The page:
Two students at London College of Fashion and central Saint Martins have been announced as the winners of the prestigious Nina De Yorke Scholarship for Fashion Illustration.

Now in its twentieth year, the Scholarship is open to any student on an MA, BA or Graduate Diploma course specialising in fashion, jewellery or textiles at LCF or CSM. The annual competition aims to encourage and celebrated illustration, and offers a generous £1000 prize for the winner.

The winners were chosen by three judges – Anne Smith, Dean of School of Fashion and Textiles, CSM, Paul McNicoll, Dean of School of Design & Technology, LCF and prominent fashion illustrator and fashion designer Julie Verhoeven.

After a detailed inspection and debate of all the works, two joint winners were selected.


Masami Fuyimaki
BA (Hons) Fashion Design with Knitwear
Central Saint Martins College of Arts and Design

CSM Masami Fuyimaki jpg

The judges said Masami’s work demonstrates a wonderful delicacy and sensitivity of line, and a clear love of drawing.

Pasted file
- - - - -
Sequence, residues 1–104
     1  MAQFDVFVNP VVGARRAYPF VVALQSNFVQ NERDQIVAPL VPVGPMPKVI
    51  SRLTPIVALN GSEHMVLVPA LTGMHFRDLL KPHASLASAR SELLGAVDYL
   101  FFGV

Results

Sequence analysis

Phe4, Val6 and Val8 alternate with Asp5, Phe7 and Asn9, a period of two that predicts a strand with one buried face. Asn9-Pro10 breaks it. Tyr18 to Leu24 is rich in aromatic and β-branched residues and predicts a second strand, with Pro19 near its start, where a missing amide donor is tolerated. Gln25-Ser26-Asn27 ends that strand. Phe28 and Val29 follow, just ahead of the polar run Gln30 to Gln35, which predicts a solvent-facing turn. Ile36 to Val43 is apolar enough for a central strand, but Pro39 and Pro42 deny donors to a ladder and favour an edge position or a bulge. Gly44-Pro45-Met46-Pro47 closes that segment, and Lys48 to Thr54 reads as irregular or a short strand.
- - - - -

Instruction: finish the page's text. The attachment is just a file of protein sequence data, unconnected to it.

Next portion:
“Masami has produced some beautifully stunning drawings throughout the course. She has a very sensitive hand and great ability to evoke a poetic image through line, colour and texture,” said Sarah Gresty, Pathway Leader, BA (Hons) Fashion Design with Knitwear.

Willie Walters, Course Leader BA Fashion and Fashion Programme Director, added: “At Central Saint Martins we insist that all our design and communication students study traditional drawing skills right from the start. As Howard Tangye, our Womenswear senior tutor and renowned illustrator says, ‘drawing is the first form of communication in design.'”


Edward Curtis 
BA (Hons) Fashion Design & Technology: Womenswear
London College of Fashion


Edward’s illustrations demonstrate a confident, brave and unique personal style, said the judges.

“Drawing is the skill within fashion design. Our students are shown many techniques that they use to refine their style of illustration that in turn enhances their style of fashion design. They are educated to understand what turns a paint daub or scribbly line into the emotion on a face or the impression of a women walking. Edward does this beautifully” comments Rob Phillips. Creative Director, School of Design & Technology, London College of Fashion.

“The LCF Illustration works show a great understanding of subject and a total dedication to technique, composition and practice,” adds award Winning illustrator Martha Zmpounou, Associate Lecture, Drawing & Illustration, London College of Fashion.